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Enhancing access, opportunity for Māori and Pasifika students

29 November 2018 | news

“There’s a word in Tokelau—inati—that describes the value of sharing. I’ve seen that at the enhancement steering group. I really appreciate being part of it.”

Those words from Victoria University of Wellington student Ali Leota sum up the thinking behind the concept of the enhancement theme developed as part of the Academic Quality Agency’s (AQA) Cycle 6 Academic Audit.

“The enhancement theme is a new activity for New Zealand universities,” says AQA executive director Professor Sheelagh Matear. 

“It will address access, outcomes and opportunities for Māori students and for Pasifika students. It’s a topic of national significance and important to all universities, that all universities will work on in a common time period.”

Professor Robyn Longhurst, Waikato University, is Chair of the Enhancement Theme Steering Group. “It’s a big wide universe and we could have chosen anything as a theme,” she says. “In our cultural context, with the Treaty of Waitangi as a founding document and with the very strong relationships we have with the Pacific, it made sense to think more and work more together on the success of both Māori and Pasifika students.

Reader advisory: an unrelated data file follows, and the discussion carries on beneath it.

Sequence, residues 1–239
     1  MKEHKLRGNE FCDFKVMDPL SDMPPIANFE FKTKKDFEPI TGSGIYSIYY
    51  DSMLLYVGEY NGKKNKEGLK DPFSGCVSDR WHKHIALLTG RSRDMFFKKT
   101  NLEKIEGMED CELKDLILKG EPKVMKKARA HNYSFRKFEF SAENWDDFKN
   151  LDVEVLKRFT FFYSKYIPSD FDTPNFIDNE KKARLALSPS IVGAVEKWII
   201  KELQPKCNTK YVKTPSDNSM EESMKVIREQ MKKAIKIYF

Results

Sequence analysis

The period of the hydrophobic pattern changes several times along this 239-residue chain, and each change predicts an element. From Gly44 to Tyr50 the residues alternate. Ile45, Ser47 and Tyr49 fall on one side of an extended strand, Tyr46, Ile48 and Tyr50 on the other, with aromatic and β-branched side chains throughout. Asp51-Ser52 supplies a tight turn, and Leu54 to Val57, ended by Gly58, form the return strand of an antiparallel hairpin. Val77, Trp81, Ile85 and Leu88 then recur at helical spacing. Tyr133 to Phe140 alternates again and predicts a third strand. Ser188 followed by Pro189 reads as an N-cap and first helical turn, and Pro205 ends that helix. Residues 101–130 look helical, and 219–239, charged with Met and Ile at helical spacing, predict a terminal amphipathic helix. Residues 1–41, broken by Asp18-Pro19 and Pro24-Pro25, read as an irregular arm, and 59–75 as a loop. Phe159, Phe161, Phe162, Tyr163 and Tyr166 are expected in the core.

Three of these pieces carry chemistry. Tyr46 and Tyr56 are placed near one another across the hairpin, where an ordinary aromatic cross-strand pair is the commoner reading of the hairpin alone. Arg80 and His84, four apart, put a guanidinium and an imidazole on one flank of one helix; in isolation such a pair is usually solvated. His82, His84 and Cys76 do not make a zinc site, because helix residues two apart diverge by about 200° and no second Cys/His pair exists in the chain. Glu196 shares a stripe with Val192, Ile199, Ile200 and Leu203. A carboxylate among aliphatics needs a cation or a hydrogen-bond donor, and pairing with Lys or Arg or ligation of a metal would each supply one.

“It’s been very difficult to make the sort of progress one would want to make in this area. The universities have offered some fabulous initiatives, but the structures haven’t been in place and we haven’t had the results. All the universities have done their own plans of what they want to put in place, as everyone’s context is different.

“Through the enhancement theme process, we will share good practice and examples of what is working or not working and—based on that sharing of information—each university will make its own decision about what they want to progress.”

Academic audit

Cycle 6 Academic Audit is an eight-year cycle, the first two to three years of which will involve work on enhancement theme initiatives and include recommendations for guideline statements that form the framework for the academic audit. The audit component of Cycle 6 (2021-2023) will audit universities’ progress against those statements.

“The enhancement theme will make it easier for those involved to identify colleagues, critique initiatives and share good practice,” says Prof Matear. “Universities will learn from one another and will also learn why initiatives work well in one university but may be different in another.”

The first Enhancement Theme Symposium for NZ universities was held in Wellington on 31 October, bringing together senior leaders, academics, professional staff who support both Māori and Pasifika students, quality managers and students to share and critique initiatives.